For months, Apple and Facebook waged a PR war (with threats of a legal one) over App Tracking Transparency, a change in recent versions of the iPhone’s iOS software that will often limit how advertising-focused apps and companies can monetize iPhone users.
Facebook’s original public predictions about App Tracking Transparency’s effect were apocalyptic. But even though App Tracking Transparency took effect during Facebook’s most recent quarter (Q2 of 2021), the company still posted huge ad revenue growth.
Facebook’s revenue, which is largely driven by the kinds of advertising that Apple’s iOS change undermines, grew 56 percent year-over-year in Q2, beating investor expectations. The company had 1.9 billion daily active users and 2.9 billion monthly active users. It earned $10.12 of revenue per user, on average.
This was the first earnings report Facebook has delivered for a quarter that should show any effects of App Tracking Transparency on the company’s bottom line. Fifty-six percent year-over-year growth certainly doesn’t look apocalyptic, but CFO David Wehner told investors to expect a less rosy story in the next quarter:
We continue to expect increased ad targeting headwinds in 2021 from regulatory and platform changes, notably the recent iOS updates, which we expect to have a greater impact in the third quarter compared to the second quarter.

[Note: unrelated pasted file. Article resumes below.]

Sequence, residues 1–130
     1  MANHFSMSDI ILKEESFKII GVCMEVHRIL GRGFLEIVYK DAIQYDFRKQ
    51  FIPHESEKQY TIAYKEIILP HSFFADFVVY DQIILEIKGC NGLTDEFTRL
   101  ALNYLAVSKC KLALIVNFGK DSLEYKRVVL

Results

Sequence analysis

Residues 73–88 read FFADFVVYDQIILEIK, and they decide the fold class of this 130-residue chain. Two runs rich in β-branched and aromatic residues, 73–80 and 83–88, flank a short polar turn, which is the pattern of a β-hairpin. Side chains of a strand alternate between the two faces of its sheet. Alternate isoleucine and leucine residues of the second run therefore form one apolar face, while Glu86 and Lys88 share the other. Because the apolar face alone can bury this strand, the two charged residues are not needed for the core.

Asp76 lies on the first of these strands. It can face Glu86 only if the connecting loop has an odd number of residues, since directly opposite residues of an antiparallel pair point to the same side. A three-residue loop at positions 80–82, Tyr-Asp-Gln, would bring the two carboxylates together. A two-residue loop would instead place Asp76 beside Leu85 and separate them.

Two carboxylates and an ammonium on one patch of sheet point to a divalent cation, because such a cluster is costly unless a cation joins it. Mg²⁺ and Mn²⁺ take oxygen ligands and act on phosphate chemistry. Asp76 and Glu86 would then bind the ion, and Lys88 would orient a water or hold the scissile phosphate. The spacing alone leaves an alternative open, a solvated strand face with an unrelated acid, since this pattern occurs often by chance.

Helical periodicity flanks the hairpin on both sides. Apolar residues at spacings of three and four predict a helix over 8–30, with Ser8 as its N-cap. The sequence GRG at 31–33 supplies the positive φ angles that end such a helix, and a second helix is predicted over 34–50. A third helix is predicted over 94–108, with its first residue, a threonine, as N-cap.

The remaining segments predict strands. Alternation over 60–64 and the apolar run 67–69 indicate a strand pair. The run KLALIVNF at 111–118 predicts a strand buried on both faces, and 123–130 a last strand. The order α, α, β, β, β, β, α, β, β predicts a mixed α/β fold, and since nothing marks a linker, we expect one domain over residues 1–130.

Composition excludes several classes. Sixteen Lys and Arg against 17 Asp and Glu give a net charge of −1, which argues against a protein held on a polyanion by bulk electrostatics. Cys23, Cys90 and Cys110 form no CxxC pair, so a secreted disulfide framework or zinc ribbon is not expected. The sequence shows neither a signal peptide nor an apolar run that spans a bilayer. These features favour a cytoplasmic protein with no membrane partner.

Data on user opt-in rates for tracking has varied quite a bit. Some firms put the figure at just 4 percent, but others place opt-in rates as high as around 30 percent. The rate likely depends on the app in question. In any case, users who opt in are definitely not the majority; most users are declining to be tracked when prompted. And each user who does is worth a lot less money to Facebook, which makes much of its money leveraging each user’s data to charge advertisers money to microtarget users and others with similar attributes.
While Facebook’s initial messaging around App Tracking Transparency was combative, Zuckerberg has changed his tune recently. He began to argue that the change could even be good for Facebook in some ways.
Today, Zuckerberg is dedicating much of his time to describing his vision for the “metaverse,” which he has identified as the new direction for the company. He has described this vision as putting a mixed-reality layer on our lives through which people can interact and socialize with one another virtually in new ways while crossing geographic barriers.
But Apple executives have also outlined a somewhat similar long-term vision, albeit with a very different approach. By forcing Facebook to play by different ad-targeting rules, Apple has strengthened its position against the social media company in any coming battle over a future mixed-reality computing landscape.
But at least for this quarter, Facebook does not seem to be suffering too badly from the recent iOS change.